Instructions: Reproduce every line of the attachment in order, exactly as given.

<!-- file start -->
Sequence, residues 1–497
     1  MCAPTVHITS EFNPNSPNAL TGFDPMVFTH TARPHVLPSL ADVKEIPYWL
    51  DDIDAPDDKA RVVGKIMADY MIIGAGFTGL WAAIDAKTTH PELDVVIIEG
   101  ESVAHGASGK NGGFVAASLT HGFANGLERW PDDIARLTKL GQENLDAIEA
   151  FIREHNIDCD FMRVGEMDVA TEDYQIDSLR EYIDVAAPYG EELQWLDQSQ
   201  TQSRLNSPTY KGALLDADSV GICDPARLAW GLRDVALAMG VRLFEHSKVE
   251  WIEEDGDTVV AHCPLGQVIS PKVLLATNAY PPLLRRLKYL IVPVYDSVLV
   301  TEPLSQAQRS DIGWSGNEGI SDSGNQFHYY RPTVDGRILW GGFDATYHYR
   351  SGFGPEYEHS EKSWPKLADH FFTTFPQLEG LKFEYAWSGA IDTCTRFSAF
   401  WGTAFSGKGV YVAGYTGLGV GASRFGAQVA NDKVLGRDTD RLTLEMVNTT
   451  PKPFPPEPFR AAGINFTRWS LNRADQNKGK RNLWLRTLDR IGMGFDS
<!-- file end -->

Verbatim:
Sequence, residues 1–497
     1  MCAPTVHITS EFNPNSPNAL TGFDPMVFTH TARPHVLPSL ADVKEIPYWL
    51  DDIDAPDDKA RVVGKIMADY MIIGAGFTGL WAAIDAKTTH PELDVVIIEG
   101  ESVAHGASGK NGGFVAASLT HGFANGLERW PDDIARLTKL GQENLDAIEA
   151  FIREHNIDCD FMRVGEMDVA TEDYQIDSLR EYIDVAAPYG EELQWLDQSQ
   201  TQSRLNSPTY KGALLDADSV GICDPARLAW GLRDVALAMG VRLFEHSKVE
   251  WIEEDGDTVV AHCPLGQVIS PKVLLATNAY PPLLRRLKYL IVPVYDSVLV
   301  TEPLSQAQRS DIGWSGNEGI SDSGNQFHYY RPTVDGRILW GGFDATYHYR
   351  SGFGPEYEHS EKSWPKLADH FFTTFPQLEG LKFEYAWSGA IDTCTRFSAF
   401  WGTAFSGKGV YVAGYTGLGV GASRFGAQVA NDKVLGRDTD RLTLEMVNTT
   451  PKPFPPEPFR AAGINFTRWS LNRADQNKGK RNLWLRTLDR IGMGFDS